Drug Abuse and Mental Illness
Drug abuse can cause a mental illness. Mental illness can lead to drug abuse. Drug abuse and mental disorders are both caused by other common risk factors.
How Common Are Comorbid Drug Abuse and Mental Disorders? The below chart shows a lifetime prevalence of drug disorders among persons with mood and anxiety disorders:
- Patients with mood or anxiety disorders are about twice as likely to also suffer from a drug disorder.
- Patients with drug disorders are roughly twice as likely to be diagnosed with mood or anxiety disorders.
The high rate of comorbid substance abuse and mental illness points to the need for a comprehensive approach that identifies, evaluates, and simultaneously treats both disorders. Patients with co-occurring disorders often exhibit more severe symptoms than those caused by either disorder alone, underscoring the need for integrated treatment. Careful diagnosis and monitoring will help ensure that symptoms related to drug abuse (e.g., intoxication, withdrawal) are not mistaken for a discrete mental disorder. Even in people whose comorbidities do not occur simultaneously, research shows that mental disorders can increase vulnerability to subsequent drug abuse and that drug abuse constitutes a risk factor for subsequent mental disorders. Therefore, diagnosis and treatment of one disorder will likely reduce risk for the other, or at least improve its prognosis.
Problems with compliance
In mental health care, uncertainty about compliance is a challenging source of variation in the effectiveness of treatments. Noncompliance can represent a significant risk and cost to the medical system. For providers, partial compliance or discontinuation of medications represents the difficulty of maintaining treatment successes over time.
Rates of compliance with mental health appointments are the greatest challenge (estimated in one hospital at 91%), while medication noncompliance is the second most challenging problem in the treatment of persons with mental illness. Mental health medication compliance can be determined by questioning patients, counting pills or prescriptions, and through drug monitoring with urine, blood, or other test measures. Overall, recent research estimates compliance to be 58%.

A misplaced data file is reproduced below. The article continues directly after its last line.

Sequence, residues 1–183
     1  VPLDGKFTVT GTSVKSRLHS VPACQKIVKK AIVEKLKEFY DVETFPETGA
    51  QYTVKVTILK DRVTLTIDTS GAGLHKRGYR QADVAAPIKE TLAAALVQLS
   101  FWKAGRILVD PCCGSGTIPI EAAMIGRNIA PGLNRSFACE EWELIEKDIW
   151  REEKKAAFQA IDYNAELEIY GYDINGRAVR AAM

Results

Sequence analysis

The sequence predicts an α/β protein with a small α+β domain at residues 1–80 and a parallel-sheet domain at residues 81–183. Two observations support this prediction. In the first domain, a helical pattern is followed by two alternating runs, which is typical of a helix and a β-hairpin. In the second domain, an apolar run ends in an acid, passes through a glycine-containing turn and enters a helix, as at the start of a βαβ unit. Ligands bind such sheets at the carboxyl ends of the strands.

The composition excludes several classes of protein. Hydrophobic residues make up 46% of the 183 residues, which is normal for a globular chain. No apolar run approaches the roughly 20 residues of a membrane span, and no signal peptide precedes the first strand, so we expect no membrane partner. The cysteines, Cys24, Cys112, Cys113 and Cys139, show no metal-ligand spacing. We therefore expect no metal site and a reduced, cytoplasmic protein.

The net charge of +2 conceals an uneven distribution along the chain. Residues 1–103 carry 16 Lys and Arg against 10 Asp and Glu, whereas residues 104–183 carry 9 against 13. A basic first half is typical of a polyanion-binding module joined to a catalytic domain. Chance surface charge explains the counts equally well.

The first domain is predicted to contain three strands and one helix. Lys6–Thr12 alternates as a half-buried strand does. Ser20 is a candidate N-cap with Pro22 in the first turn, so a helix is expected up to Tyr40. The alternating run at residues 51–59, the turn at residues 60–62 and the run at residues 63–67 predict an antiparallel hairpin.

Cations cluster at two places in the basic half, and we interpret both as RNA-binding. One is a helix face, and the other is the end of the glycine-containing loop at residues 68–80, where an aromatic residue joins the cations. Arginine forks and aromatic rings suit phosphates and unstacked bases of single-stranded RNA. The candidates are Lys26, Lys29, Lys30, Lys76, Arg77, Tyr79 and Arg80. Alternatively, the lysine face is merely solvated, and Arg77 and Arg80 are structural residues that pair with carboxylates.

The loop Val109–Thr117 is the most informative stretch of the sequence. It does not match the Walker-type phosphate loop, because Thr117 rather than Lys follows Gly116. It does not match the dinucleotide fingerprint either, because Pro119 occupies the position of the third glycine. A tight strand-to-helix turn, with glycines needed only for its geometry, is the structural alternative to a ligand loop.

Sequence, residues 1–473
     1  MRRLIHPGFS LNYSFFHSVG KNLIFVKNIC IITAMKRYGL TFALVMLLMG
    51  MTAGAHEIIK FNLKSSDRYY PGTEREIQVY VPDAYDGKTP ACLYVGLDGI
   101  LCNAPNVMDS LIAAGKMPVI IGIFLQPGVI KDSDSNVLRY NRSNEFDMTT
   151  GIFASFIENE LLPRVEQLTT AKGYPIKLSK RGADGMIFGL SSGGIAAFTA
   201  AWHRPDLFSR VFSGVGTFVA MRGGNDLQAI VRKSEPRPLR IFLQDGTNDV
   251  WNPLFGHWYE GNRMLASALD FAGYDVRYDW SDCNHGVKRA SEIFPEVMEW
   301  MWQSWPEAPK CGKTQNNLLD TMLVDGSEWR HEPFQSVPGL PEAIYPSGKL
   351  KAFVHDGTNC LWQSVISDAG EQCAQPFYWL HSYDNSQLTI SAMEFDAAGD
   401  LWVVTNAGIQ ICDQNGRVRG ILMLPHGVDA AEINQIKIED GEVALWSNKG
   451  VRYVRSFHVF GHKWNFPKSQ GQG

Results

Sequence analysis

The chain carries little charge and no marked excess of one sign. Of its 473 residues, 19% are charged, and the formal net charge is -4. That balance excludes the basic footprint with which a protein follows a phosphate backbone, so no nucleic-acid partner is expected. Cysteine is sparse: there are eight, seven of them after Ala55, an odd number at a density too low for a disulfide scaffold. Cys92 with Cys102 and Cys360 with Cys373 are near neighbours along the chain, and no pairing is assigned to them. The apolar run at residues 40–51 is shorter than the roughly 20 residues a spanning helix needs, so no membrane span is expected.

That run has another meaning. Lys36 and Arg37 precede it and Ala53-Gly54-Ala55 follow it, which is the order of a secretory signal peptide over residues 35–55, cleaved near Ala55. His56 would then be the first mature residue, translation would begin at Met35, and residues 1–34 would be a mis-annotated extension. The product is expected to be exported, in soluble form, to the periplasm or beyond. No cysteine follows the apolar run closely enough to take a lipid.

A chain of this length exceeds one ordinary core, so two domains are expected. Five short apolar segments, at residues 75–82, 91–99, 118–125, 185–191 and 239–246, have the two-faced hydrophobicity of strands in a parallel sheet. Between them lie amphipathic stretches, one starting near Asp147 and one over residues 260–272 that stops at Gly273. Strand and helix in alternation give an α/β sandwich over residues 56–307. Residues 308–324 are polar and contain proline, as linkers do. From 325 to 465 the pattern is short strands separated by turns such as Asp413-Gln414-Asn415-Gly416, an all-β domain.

In an article, “Drug Therapy: Adherence to Medication,” in the New England Journal of Medicine, half of patients with major depression, for whom antidepressants have been prescribed, will not be taking the drugs three months after initiation of therapy. When adherence to drugs for physical diagnoses is compared with that for people with psychoses and depression, the mean rates are 76% compliance, 58% and 65%, respectively.
Many experts agree that non-compliance of medications by patients with behavioral health problems is affected by lack of immediate results; costs; problems filling a prescription; the stigma attached to drugs for mental health conditions; and by a lack of understanding about the nature of the illness and the drug’s side effects and effectiveness.
A Collaborative Approach
Addiction and Pain Research Institute of NY is an integrated medical-behavioral care program developed by ACLS for patients with chronic medical conditions who are also identified with behavioral issues. ACLS’s medication monitoring and drug detection services provide more than just test results to healthcare professionals treating people with chronic pain, mental illness and substance abuse disorder. We deliver the comprehensive scientific data backed by service and education necessary to clarify and reconcile results to make more informed clinical decisions for better patient outcome.